Thoughts on the DNC

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What a gorgeous tapestry the Democratic National Convention presented to the world!

Black, brown, and white faces, hijabs and turbans and flag-adorned straw hats, young people and old people, almost like Norman Rockwell’s iconic “Golden Rule” painting.

golden ruleWhat America is. What America needs to be.

Hearing Anastasia Somoza and Gabby Giffords and the mothers of young men and women killed by police or vigilantes, survivor of the Charleston massacre: profiles in courage, all.

Michelle Obama: dignified, articulate, on point always, passionate.

Joe Biden, who knows too well what loss and grief are, but always optimistic, decent, and on fire this week with hope and encouragement.

Elizabeth Warren, tearing DT a new one in the most wholesome, goshdarnit way, my own senator who I am so glad will continue to serve us in the Senate.

Bernie Sanders, my first choice, making it clear to his supporters that they must not sit out this election; the stakes are too high.

Sarah Silverman, oh my goodness, Sarah, I love you!

And of course, our beloved President, who I really do wish could serve a third term. He will be so missed, and I’ve no doubt that the annals of history will mark his tenure as our finest hour.

Why the feelings of unease, then? Why the nervousness listening to Michael Kelly and Leon Panetta and General Allen go on and on about our military prowess and American exceptionalism?

Yes, I know that the strategy was to show the country that Hillary Clinton will be as hawkish as Donald Trump. But I already knew that. That was why she wasn’t my first choice.

Brian Williams, how dare you criticize the people chanting “No more war”? “Sadly,” you said, referring to them as hecklers, they couldn’t be quiet. You, who lied about being under fire when you have never been under fire, except from your NBC bosses. How hypocritical can you get, when the theme of that convention was supposed to be that EVERYONE is welcome in the Democratic tent?

Yes, history was made at the Democratic National Convention this week, and I was able to watch it without yelling any epithets at the television as I had the week before. I will vote the Democratic ticket no matter what. But I pray, I really pray, that the philosophies expressed to the ideals of justice for all, liberty for all, the pursuit of happiness for all were not just lip service, and that the lip service to military power and aggressiveness were not the real philosophies that will be given priority.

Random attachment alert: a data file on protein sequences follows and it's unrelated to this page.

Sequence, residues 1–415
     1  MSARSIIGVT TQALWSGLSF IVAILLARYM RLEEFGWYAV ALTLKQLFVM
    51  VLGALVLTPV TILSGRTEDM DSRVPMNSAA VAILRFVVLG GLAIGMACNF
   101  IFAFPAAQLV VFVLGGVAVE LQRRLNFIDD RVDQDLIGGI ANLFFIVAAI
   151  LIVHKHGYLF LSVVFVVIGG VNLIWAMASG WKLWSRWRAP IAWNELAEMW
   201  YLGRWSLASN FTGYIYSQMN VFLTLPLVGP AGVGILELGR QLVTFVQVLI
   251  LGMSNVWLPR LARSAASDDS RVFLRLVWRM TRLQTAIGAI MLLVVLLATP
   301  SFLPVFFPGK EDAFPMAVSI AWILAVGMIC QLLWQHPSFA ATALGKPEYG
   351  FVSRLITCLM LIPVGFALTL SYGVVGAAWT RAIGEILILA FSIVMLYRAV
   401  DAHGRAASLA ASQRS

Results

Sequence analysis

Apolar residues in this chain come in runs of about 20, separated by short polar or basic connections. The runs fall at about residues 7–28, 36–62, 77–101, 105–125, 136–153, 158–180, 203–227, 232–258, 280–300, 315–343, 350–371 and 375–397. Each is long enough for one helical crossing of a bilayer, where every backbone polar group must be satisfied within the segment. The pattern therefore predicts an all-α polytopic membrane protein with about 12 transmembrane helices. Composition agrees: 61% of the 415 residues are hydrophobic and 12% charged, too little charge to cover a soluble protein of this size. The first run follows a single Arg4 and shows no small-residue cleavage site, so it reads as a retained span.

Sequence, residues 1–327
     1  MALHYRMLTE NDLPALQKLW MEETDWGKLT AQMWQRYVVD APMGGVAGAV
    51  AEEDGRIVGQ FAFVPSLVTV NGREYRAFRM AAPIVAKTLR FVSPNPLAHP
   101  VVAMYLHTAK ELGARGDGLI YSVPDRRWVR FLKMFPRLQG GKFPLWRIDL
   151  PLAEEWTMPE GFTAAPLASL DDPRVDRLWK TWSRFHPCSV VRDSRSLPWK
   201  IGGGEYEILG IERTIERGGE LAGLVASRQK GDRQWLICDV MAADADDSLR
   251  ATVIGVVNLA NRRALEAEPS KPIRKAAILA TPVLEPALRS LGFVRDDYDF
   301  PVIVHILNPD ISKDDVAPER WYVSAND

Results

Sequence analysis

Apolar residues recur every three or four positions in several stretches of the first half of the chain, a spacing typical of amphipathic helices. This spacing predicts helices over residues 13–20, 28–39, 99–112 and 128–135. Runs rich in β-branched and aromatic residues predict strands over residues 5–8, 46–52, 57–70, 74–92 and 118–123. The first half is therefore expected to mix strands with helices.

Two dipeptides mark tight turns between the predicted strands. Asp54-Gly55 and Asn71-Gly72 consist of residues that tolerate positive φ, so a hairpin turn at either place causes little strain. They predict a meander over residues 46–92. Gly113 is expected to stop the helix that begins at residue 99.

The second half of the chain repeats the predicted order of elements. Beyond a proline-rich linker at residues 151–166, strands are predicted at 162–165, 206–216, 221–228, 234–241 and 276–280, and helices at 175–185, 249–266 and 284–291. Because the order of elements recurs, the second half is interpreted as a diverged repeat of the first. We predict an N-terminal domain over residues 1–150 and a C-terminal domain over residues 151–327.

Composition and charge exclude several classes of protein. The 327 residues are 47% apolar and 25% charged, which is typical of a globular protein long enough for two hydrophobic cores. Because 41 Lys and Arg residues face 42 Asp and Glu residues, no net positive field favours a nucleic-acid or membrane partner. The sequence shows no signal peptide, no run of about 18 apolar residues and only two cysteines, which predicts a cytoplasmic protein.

Everyone Belongs in the Kingdom

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My little garden in a little town in a little state is my refuge, my haven, my glimpse of the Kingdom.

It is in shade, yet there are flowering plants and lots of green foliage. I did a little work and nature did the rest. In the near distance are trees dappled in sunlight in the late afternoon and a glimpse of the churchyard next door.

Robins and catbirds and sparrows and swifts sit on the fence and call to the universe or fly and dart about. Honeybees cover the cimicifuga and they are more than welcome. Fat bumblebees fly up into the heart of the hosta blossoms. I sit with my coffee and my book and my mature, overweight cat lazes nearby.

A chipmunk runs across the paving stones from one clump of vegetation to another. A poodle pup named Rory charges up the path from next door, tail wagging, to greet me. Onyx flips her tail and eyes him warily. I give him a good patting and send him back to his owner.

Yes, the Kingdom, the harmony, the peace despite a busy major route just yards away. For 45 minutes a day most days I can come to my retreat and, ideally, shed the tensions of the work day.

It is more difficult to shed the tensions of the world. Even more difficult is that I am ever mindful of the fact that there is no haven, no blessed retreat, no Kingdom for so many people on this Earth, our island home spinning through a universe of wonders and horrors.

Is it neurosis or social conscience that never lets me forget how privileged my life has been? I have known loss and grief. My mother died when she was the age I’ll be in September, a short, violent battle with liver cancer that took her before we could even get our minds around what was happening to her. My beloved brother died when he was the age I am now, a long, drawn-out battle with pancreatic cancer that left him a bag of bones loosely covered in flesh, and it was almost impossible to recognize the athletic, handsome, dignified youth and man he had been.

People, pets, jobs, relationships, the losses that are the normal stuff of most lives.

But no one I love has ever been executed because of the color of his skin. No one I love has so far been in the path of a terrorist. No child of mine has ever lived in a war zone or had to risk drowning to reach a shore of safety.

In the late 1980s, the African National Congress toured the world with a documentary called “Every Child is My Child.” Along with all the political and economic and humanitarian efforts to end the evil called apartheid, it galvanized people to look at the struggle in a new way.

For me, it reinforced the feeling that I have known as long as I can remember, that every person is my child, my sister, my brother, my mother, my father, and the Kingdom is not mine alone to enjoy. It won’t be the Kingdom until everyone can live without fear, in safety and peace, in the sure knowledge that when they wake up to a new day, they are not risking their lives by stepping outside their doors.